BURLINGTON — Cooking is the leading cause for home fires and injuries, so Burlington Fire Chief Michael Patterson and State Fire Marshal Peter J. Ostroskey are urging residents to use caution while cooking in a statewide cooking fire safety public awareness campaign.
This campaign has two main messages to prevent home fires: “Stand by Your Pan” to prevent cooking fires and “Put a Lid on It” to put grease fires out safely.
“Cooking is the number one cause of fires in our community,” said Chief Patterson. “Leaving pots and pans unattended can be a recipe for disaster, so it is important to always stay in the kitchen when cooking.”
The Department of Fire Services has developed PSA’s to educate the public on the importance of standing by your pan in the kitchen. They feature firehouse chefs from Holyoke Fire Department and Methuen Fire Department talking about cooking safety and sharing their favorite recipes. Lt. Maria Pelchar from Holyoke provides us with her recipe in Spanish. The PSA’s serve up two key messages on cooking safety in these television and radio spots: “Stand by Your Pan” to prevent fires and “Put a Lid on It” to put out a stovetop fire.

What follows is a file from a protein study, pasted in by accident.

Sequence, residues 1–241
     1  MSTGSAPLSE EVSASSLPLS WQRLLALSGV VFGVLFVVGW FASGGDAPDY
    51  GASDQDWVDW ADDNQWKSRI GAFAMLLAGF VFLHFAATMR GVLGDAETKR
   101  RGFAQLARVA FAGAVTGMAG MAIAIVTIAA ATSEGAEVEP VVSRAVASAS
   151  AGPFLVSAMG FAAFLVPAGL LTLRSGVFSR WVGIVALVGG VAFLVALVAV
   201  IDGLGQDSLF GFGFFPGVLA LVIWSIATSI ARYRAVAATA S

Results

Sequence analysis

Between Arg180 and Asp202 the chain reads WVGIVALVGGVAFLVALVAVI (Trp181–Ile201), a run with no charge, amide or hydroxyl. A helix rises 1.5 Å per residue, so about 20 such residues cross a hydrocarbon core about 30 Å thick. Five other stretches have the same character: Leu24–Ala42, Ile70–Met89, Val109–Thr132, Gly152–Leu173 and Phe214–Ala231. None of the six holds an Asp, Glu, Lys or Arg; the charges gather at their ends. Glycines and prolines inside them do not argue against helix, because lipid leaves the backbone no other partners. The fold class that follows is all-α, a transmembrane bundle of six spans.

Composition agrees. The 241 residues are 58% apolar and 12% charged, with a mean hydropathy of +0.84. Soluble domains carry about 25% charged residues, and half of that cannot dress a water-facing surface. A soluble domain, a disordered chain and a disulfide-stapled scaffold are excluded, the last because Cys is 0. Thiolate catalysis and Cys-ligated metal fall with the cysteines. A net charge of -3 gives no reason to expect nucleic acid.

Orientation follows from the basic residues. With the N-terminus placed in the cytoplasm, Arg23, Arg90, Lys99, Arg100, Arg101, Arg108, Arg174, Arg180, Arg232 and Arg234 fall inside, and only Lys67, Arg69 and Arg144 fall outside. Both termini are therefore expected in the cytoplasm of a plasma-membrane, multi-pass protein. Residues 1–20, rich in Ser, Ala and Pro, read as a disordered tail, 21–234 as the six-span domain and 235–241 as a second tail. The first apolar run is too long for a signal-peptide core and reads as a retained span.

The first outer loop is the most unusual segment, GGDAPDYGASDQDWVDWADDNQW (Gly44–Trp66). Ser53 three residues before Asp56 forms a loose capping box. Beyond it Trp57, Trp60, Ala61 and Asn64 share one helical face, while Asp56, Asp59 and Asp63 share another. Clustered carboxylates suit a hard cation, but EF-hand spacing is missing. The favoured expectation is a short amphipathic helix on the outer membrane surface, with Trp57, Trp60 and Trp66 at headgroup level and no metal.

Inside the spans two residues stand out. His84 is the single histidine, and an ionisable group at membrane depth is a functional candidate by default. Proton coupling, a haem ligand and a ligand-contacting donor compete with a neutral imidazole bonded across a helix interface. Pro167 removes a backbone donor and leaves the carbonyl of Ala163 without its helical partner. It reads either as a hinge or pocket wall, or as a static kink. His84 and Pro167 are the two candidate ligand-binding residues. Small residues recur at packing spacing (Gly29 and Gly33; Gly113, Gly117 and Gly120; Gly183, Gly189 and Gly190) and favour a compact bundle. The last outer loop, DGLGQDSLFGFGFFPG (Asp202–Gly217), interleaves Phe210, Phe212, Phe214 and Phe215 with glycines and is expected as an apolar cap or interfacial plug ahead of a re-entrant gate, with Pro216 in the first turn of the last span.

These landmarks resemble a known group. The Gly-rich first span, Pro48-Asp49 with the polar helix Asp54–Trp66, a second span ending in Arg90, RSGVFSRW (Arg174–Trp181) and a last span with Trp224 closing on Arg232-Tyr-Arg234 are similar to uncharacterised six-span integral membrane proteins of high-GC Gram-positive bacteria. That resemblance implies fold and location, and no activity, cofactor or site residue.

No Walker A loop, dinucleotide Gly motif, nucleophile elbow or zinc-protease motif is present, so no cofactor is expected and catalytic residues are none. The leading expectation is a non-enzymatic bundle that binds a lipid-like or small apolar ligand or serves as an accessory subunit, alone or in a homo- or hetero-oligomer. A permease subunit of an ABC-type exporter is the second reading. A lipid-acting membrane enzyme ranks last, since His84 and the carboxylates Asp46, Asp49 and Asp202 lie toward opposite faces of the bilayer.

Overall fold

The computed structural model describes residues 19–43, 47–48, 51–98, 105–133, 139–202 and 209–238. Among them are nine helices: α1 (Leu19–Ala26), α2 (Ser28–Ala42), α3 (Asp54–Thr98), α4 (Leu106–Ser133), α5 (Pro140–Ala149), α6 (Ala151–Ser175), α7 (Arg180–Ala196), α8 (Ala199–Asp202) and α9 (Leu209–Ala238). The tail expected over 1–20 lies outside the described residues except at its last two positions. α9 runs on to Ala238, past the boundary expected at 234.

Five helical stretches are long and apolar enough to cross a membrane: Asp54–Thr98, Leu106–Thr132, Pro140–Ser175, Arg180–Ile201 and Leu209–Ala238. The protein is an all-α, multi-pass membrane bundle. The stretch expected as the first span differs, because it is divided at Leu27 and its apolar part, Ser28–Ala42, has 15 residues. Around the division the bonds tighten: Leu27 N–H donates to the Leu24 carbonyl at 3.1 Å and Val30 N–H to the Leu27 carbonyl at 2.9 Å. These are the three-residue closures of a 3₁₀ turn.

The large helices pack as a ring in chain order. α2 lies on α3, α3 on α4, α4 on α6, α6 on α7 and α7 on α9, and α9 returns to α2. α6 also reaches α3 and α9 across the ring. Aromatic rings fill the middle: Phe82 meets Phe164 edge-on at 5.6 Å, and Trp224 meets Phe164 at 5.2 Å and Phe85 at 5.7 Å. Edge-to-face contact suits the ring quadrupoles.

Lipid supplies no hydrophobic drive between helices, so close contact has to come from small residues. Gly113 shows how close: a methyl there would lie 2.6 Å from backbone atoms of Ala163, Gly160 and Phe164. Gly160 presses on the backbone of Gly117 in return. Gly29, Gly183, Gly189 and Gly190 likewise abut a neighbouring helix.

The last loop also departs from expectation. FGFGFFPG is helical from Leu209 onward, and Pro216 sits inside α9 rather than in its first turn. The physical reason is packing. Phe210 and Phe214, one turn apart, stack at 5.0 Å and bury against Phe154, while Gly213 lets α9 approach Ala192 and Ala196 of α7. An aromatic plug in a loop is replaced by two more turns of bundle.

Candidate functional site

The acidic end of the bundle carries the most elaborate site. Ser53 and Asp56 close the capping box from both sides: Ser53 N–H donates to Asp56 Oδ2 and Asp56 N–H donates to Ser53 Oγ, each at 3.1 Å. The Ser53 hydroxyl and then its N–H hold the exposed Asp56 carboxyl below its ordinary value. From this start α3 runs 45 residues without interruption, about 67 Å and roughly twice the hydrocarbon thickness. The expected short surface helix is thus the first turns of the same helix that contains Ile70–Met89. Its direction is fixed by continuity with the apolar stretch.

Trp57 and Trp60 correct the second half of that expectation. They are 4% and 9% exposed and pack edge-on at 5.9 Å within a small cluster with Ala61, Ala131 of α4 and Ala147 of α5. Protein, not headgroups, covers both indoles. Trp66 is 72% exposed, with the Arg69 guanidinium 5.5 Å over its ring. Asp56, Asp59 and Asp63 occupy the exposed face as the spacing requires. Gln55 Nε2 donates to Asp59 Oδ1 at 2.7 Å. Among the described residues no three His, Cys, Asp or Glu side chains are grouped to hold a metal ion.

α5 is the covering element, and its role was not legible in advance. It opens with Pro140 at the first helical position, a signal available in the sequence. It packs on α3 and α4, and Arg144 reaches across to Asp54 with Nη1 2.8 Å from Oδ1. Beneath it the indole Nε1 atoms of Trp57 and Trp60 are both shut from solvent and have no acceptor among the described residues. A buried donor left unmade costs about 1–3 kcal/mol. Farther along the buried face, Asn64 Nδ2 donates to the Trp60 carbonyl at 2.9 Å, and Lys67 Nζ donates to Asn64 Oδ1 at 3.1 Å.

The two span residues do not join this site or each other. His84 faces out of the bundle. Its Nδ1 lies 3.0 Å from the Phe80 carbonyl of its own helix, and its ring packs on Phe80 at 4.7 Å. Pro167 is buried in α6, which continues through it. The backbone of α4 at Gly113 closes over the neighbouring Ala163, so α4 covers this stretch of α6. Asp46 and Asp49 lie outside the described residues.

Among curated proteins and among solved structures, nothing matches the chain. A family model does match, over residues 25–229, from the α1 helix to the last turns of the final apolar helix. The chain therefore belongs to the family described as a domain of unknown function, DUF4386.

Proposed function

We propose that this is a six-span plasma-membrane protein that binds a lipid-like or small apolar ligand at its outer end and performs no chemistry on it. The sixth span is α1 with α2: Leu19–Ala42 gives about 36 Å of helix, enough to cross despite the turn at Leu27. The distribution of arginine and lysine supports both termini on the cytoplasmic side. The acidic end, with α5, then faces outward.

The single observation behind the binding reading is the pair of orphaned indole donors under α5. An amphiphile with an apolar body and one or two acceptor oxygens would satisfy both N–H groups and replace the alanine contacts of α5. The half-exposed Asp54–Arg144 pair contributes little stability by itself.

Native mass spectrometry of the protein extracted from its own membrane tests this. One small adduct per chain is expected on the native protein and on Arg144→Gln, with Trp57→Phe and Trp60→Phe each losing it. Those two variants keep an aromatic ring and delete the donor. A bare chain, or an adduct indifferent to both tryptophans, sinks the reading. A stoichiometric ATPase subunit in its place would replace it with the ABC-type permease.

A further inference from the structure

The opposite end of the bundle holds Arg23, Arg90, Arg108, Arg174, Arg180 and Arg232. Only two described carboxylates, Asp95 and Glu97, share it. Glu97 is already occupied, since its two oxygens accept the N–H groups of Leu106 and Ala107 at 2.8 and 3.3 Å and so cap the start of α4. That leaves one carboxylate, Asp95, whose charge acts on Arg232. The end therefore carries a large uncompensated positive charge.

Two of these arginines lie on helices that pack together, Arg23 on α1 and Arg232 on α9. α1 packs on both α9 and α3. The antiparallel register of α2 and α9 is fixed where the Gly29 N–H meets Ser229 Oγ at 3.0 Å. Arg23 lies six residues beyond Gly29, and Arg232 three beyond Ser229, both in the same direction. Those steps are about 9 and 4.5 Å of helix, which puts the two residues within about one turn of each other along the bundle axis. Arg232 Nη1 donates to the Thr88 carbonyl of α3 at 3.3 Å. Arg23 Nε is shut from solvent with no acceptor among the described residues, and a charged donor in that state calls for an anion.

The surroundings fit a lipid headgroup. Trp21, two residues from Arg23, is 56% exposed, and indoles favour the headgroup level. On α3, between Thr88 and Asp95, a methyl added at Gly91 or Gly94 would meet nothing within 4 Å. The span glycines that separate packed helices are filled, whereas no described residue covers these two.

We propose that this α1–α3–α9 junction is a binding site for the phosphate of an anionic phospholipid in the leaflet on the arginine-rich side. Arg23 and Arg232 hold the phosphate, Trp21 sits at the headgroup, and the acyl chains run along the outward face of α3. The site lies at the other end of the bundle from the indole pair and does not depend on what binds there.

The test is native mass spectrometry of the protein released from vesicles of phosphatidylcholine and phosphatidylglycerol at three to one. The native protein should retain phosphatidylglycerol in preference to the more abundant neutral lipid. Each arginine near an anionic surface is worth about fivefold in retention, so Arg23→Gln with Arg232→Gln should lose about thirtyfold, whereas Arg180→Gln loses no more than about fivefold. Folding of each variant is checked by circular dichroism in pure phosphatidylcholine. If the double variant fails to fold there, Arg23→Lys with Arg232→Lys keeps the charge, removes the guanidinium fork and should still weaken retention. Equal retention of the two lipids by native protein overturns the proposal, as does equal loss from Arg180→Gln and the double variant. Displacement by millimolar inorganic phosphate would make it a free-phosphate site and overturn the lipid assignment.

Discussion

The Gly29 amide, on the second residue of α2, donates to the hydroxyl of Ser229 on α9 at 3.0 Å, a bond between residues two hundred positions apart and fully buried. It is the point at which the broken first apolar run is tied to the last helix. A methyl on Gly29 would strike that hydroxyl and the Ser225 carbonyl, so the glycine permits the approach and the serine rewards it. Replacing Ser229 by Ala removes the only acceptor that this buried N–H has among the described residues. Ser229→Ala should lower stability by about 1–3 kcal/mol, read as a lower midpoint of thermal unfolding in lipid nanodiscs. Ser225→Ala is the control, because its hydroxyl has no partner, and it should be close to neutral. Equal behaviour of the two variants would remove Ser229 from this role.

“Safety is the key ingredient in any recipe. The leading cause of fire injuries to everyone and especially to seniors is cooking,” said State Fire Marshal Ostroskey, “which is why it is important to put a lid on a stovetop fire.”
Important cooking safety tips:
- Stand by your pan, when cooking. Never leave food, grease or oils cooking on the stovetop unattended.
- Put a lid on it. In the case of a pan fire, slide the lid on it to smother the fire, and then turn off the heat. Do not move the pan until it has cooled off.
- Water or fire extinguishers will not work. They will only spread the fire.
- Never move a burning pan. You can be badly burned or spread the fire.
- Wear short or tight-fitting sleeves when cooking, because loose fitting clothing can easily catch on fire.
- If your clothing catches fire, stop, drop, cover and roll to put out the flames.
According to the Massachusetts Fire Incident Reporting System (MFIRS), there were 9,879 residential fires in Massachusetts involving cooking in 2019, which resulted in three civilian deaths, 49 civilian injuries, 20 firefighter injuries and an estimated $6.7 million in property damage. Cooking is also the leading cause of injuries to older adults (people over the age of 65).
For more information, please visit www.mass.gov/cookingsafety.